Whales and dolphins never stop amazing us and there’s so much we don’t know. These intelligent beings have complex social structures and cultural behaviours like us, and one of their many mysteries is ‘kelping’ - or wearing and playing with kelp. While we don’t fully understand why they do it, we have some ideas.
Whilst we might dislike encountering kelp whilst swimming in the sea, humpback whales seem to love it!
All over the world, humpback whales have been photographed playing with clumps of floating kelp. They roll in it, dive through it and even lift it onto their bodies and tail flukes. A favourite game seems to be flinging kelp from their flippers onto their heads, creating a seaweed wig. Sometimes they play together and pass kelp to one another.
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While kelp shares some characteristics with plants, it is not classified as a plant. It is a type of brown seaweed or algae that grows underwater. Unlike plants, kelp lacks true roots, stems, and leaves. Instead, it has structures like holdfasts for anchoring, blades for photosynthesis, and a stipe for support - perfect adaptions for living underwater. It grows in cool, coastal seas, forming underwater forests that, during stormy conditions, can dislodge and float off in tangled rafts on the ocean surface. You might have seen these heaps of slippery kelp washed up on beaches by stormy seas.
Consider this: a clump of kelp that you've seen on a beach may have once been played with by a humpback whale!
Humpback whales actively seek out seaweed and appear to thoroughly enjoy an hour or more playing with it. Remarkably, whales do this in completely different parts of the ocean all over the world, suggesting that it’s an important behaviour. But why they do it remains a mystery. We have some good theories though and we think that ‘kelping’ offers whales multiple benefits:
Humpbacks often play alone with kelp and seem to enjoy it. Interacting with objects is good for improving their coordination and mobility skills, but much like us, whales experience pleasure, so perhaps it’s just good fun. ‘Kelping’ can also be a social activity, and whales rolling around in kelp together may strengthen their bonds and share an experience that brings them closer.
Humpback whales' heads and faces are covered in knobbles or bumps called tubercles, each containing a single hair that acts like a cat’s whisker. These hairs play a crucial role in providing sensory information about the whales’ surroundings. This might explain why humpbacks most commonly place kelp on their heads and faces. The resulting seaweed massage, gliding over the sensory hairs, is undoubtedly therapeutic for them and probably feels very nice!
It's possible that humpbacks just enjoy the feeling of kelp sliding over the bumps on their faces.
Whale skincare routine
Kelp has antibacterial and antifungal qualities, making it a natural remedy for reducing whale skin infections – an oceanic equivalent to a face cleanser. Humpbacks likely use the kelp to dislodge barnacles and lice that build up on their skin and cause irritation. It provides the whales with a natural exfoliating scrub that removes dead skin and parasites.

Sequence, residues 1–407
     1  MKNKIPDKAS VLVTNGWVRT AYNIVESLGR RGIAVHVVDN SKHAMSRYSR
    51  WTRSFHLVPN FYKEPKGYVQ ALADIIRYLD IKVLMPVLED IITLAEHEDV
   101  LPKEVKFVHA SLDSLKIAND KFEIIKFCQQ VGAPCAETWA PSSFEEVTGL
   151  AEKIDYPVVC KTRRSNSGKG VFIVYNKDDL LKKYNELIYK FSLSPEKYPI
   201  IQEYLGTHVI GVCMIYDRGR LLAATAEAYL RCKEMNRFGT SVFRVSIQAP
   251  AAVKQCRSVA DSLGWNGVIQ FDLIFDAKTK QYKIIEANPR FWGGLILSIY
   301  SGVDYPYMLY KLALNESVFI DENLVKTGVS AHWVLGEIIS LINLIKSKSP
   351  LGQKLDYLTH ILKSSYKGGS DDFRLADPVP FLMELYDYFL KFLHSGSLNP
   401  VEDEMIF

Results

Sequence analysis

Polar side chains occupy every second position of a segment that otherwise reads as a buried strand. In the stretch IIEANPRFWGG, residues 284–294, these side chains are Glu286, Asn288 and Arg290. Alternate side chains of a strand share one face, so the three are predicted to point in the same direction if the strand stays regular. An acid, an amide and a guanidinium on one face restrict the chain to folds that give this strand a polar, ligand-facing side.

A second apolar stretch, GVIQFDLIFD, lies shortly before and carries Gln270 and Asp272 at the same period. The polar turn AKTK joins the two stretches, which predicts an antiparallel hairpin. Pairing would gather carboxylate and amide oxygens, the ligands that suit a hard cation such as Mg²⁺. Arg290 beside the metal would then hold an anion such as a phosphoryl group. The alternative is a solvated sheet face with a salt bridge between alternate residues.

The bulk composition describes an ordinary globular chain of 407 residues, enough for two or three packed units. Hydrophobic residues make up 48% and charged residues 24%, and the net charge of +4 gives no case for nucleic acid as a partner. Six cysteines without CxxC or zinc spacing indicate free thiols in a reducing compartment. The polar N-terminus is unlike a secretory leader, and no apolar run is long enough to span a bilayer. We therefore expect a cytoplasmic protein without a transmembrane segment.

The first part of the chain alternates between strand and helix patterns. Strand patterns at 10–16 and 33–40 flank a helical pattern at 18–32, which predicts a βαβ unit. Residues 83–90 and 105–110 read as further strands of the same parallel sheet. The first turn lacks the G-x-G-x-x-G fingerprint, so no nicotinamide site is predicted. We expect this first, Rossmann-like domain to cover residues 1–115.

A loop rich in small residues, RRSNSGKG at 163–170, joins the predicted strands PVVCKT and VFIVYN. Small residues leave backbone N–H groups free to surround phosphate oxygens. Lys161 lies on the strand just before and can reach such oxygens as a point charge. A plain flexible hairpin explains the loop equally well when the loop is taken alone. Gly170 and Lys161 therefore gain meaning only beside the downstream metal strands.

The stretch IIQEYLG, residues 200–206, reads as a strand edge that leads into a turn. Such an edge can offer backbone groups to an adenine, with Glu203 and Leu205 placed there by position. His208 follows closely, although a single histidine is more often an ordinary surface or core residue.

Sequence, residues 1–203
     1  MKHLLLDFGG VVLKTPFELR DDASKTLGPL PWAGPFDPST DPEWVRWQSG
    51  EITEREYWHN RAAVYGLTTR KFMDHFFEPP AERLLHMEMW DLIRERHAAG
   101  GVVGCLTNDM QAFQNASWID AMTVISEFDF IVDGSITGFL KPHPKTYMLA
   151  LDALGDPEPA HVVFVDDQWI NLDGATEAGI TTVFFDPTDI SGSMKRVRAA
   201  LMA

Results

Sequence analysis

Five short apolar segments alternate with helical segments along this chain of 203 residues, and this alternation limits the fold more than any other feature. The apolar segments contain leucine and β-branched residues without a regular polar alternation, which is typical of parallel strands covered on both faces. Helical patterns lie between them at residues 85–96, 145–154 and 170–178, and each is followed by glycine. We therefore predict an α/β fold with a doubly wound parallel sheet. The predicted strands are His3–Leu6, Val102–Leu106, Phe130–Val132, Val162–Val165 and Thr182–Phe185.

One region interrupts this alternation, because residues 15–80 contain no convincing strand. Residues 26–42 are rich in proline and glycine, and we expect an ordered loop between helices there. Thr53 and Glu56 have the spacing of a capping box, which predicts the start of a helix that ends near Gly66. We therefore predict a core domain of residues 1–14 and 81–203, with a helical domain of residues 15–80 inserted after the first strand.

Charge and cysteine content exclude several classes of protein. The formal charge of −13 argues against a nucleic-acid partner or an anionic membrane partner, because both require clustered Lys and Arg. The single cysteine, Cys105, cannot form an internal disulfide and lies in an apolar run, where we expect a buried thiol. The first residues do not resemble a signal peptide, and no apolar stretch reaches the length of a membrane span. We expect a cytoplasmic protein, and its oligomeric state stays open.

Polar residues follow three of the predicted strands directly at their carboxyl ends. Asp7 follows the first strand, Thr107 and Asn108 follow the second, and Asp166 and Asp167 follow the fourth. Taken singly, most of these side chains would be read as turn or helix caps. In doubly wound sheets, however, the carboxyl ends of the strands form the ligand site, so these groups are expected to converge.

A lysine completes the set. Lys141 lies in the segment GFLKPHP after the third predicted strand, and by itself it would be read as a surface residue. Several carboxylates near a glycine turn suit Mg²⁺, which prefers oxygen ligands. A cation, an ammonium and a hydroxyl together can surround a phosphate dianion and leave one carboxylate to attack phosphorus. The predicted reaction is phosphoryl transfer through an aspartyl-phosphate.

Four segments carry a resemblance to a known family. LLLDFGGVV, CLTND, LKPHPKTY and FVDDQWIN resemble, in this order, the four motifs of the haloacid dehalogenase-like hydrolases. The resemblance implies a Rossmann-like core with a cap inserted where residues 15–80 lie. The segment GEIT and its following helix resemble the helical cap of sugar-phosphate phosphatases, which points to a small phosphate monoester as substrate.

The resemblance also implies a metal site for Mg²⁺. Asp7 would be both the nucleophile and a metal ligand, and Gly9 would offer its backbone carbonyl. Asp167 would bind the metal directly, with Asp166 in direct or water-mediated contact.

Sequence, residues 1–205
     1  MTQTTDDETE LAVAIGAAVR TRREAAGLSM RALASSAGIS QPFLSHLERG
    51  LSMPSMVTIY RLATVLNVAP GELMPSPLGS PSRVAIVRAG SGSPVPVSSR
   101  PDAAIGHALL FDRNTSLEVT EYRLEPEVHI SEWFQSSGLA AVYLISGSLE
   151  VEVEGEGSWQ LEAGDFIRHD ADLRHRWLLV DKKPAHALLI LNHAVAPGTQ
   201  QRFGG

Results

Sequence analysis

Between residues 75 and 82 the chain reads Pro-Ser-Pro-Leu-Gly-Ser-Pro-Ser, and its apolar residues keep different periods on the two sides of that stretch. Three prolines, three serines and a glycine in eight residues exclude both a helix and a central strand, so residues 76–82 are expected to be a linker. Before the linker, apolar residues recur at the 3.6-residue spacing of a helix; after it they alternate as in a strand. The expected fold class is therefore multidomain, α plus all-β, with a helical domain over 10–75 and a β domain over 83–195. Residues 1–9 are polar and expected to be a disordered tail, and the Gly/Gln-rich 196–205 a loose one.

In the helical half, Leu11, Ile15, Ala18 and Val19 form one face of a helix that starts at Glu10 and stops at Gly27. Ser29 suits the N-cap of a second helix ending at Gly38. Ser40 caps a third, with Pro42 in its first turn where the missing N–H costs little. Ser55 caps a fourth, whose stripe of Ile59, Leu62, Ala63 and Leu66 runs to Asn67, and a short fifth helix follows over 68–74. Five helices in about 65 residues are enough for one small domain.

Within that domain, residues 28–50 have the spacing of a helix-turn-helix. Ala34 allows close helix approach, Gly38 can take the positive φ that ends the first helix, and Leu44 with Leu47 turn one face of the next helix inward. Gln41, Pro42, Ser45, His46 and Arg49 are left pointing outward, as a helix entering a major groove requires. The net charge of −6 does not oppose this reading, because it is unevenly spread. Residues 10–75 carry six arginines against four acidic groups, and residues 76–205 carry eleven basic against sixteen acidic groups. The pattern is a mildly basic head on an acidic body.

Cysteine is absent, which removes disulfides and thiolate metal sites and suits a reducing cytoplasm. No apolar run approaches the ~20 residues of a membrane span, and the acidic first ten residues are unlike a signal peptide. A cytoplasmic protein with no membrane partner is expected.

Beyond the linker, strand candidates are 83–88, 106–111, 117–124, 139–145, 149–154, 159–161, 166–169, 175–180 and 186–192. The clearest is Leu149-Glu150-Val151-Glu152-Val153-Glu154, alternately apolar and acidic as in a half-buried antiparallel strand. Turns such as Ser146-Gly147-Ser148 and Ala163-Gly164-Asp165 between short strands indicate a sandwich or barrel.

Whale mouth hygiene
Humpback whales are filter feeders so they have a diet primarily consisting of microscopic organisms like plankton and krill, as well as small schooling fish. They gulp enormous mouthfuls of seawater containing their prey and use their baleen plates to filter out the water. While they don’t eat kelp, the act of using it as a mouth hygiene tool may be yet another benefit for the whales. Deliberately placing kelp in their mouth may serve as a unique form of oral care, potentially helping them floss or clean the hard-to-reach areas inside their mouths.
Seaweed or dental floss?
In addition to widespread humpback whale ‘kelping’, gray and right whales have also been observed interacting with seaweed. This widespread affinity for kelp suggests that it likely has numerous benefits for whale health, wellbeing, and social interactions worldwide. The captivating world of these magnificent beings continues to unfold, revealing fascinating insights into their behaviour. As we delve deeper into understanding these giants, the more we discover and the more we’re amazed by.
Kelp Forest Protection is Urgently Needed
Kelp forests are underwater ecosystems that are vital for maintaining a healthy ocean and supporting a wide variety of marine life. Like their land-based counterparts, these forests play an important role in capturing carbon, helping us tackle the climate crisis. But kelp forests around the world have been rapidly declining over the past few decades due to rising ocean temperatures caused by climate change. Scientists have found that when heat waves push ocean surface temperatures to 18-20°C, kelp begins to die.
Considering the critical role kelp forests play in maintaining the health of the ocean, and their seemingly significant impact on the wellbeing of whales, it’s essential to protect these ecosystems from further climate-induced damage. We must protect them, not only for the health benefits that whales derive from them, but because they will help us overcome the climate crisis and provide home and shelter to numerous species, thus halting the destruction of nature.
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